If you’re reading this newsletter, you probably don’t need to be convinced about the urgency of climate change. If we are to keep within a temperature increase of 2°C, the UK needs to make cuts in its carbon emissions of 80-90% by 2050. The Tyndall Centre for Climate Research argues this case with great force and clarity.
These targets need to include emissions from all sources. Yet the Draft Climate Change Bill, the Government's flagship policy that proposes to set a legally-binding cap on our carbon emissions, excludes the fastest-growing source of all – international aviation. Emissions from aircraft are on course to take up our entire ‘safe’ carbon budget by 2050, and that’s before you account for the other climate impacts of aviation such as the effects of other exhaust gases at altitude, which make matters between 2 and 4 times worse.
Airline operators like to dismiss this problem by pointing to improvements in fuel efficiency. But whenever you hear that such-and-such a plane is 20% more efficient, remember that only a small number of these will be bought each year - aircraft are expensive and fleets are renewed very slowly. Even with all the gains the industry predicts from better technology and smarter air traffic control, fuel efficiency across the fleet can only improve by 1-2% a year. Meanwhile the industry is growing at 5-6% per year, and emissions are rising as a result.
What should politicians be doing? There are legal barriers to the most obvious measure to tackle the growth in international aviation - a tax on jet fuel. The tax we do have, Air Passenger Duty, needs to be reformed so that it targets emissions not passengers, and raised, so that it reflects the cost to the planet and works to curb demand. The Government needs to include international aviation emissions within the Climate Bill targets. And it should require airlines to include carbon emissions for every flight they advertise, as with car manufacturers.
The Government urgently needs to tear up the 2003 Air Transport White Paper, which set out plans for a massive expansion of the UK’s airports. The approach used for determining airport capacity was an outdated and unsustainable 'predict-and-provide' one – estimate passenger numbers in 2030, then expand airports to match. Nevermind that this growth is fuelled by artificially cheap airfares! Measures to deal with the environmental impacts of the enormous increase in flying came a distant second. The White Paper proposals would also mean some 650,000 people seriously affected by aircraft noise by 2030: nearly a 50% increase on the year 2000. And that’s using the official definition of annoyance, which gives a serious underestimate.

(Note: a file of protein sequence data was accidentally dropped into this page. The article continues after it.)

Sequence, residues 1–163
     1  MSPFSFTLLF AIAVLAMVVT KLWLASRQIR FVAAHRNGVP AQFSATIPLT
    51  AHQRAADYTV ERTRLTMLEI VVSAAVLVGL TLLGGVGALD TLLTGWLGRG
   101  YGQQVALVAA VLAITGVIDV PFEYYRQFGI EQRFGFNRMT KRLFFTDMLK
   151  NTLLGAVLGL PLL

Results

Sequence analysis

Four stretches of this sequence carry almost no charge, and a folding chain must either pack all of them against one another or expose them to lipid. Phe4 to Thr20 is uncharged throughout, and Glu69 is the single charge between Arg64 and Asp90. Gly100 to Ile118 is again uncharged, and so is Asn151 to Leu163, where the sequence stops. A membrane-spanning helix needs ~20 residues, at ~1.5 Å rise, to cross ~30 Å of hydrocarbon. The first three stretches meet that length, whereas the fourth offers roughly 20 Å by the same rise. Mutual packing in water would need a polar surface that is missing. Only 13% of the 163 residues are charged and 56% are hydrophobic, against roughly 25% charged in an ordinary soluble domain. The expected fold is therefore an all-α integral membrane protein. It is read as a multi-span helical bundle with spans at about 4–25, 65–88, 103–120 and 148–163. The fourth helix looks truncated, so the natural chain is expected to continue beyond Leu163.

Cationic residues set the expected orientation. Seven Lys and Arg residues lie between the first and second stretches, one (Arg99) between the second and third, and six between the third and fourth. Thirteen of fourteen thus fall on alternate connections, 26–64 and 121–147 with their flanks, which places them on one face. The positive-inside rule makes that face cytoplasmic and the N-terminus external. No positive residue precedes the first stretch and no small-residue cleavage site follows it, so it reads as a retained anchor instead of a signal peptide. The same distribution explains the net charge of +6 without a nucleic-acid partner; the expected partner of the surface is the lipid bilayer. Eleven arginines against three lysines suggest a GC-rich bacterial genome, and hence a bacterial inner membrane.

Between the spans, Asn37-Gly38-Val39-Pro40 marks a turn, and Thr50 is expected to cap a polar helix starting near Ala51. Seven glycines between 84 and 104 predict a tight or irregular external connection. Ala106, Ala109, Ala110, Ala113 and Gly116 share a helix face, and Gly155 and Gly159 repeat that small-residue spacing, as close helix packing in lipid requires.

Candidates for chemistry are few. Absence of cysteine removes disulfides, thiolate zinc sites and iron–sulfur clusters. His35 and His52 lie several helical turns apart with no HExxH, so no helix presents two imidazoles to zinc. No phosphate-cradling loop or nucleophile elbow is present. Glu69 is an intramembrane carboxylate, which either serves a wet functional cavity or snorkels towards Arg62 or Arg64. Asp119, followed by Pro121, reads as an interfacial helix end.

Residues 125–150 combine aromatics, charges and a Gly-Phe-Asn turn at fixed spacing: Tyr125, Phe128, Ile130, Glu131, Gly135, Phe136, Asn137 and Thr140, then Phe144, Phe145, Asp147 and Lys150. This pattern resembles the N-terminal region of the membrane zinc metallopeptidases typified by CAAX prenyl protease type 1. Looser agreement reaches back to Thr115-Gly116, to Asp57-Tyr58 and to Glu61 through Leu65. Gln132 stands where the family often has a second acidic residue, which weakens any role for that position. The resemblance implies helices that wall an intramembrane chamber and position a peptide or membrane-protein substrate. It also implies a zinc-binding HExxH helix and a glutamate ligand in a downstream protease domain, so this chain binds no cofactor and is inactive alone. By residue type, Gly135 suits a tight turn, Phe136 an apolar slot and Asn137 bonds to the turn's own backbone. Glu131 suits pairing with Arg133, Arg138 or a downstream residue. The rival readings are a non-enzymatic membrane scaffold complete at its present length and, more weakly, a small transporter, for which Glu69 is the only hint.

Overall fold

The Government is now proposing to give this policy more weight. Dismayed at the objections to its plans from regional and local authorities, the Government has proposed reforms to the planning system that would allow 'Major Infrastructure Projects' to go through unopposed by local people. The idea is to speed up projects that have been determined to be in the national interest by setting up an ‘Independent Planning Commission’ to rubberstamp them. The problem is that this Government thinks it's in our interests to promote the fastest-growing source of carbon emissions by building more runways, while ignoring those emissions, Enron-style, in its official carbon accounting.
Heathrow is the most visible example, and I urge you all to get down to the Climate Camp this month to protest. But airports are expanding all over the UK, and what is required is no less than a fundamental rethink of our entire aviation policy. Pending that, there should be an immediate halt to airport expansion up and down the country.
See the Tyndall Centre for Climate Research briefing paper on cutting carbon emissions at: http://www.tyndall.ac.uk/publications/briefing_notes/bn17.pdf.
Peter works for the Aviation Environment Federation (AEF), an NGO that campaigns against the adverse environmental effects of aviation. The AEF is a member of anti-aviation campaigning group AirportWatch.
This article first appeared in the Ecologist August 2007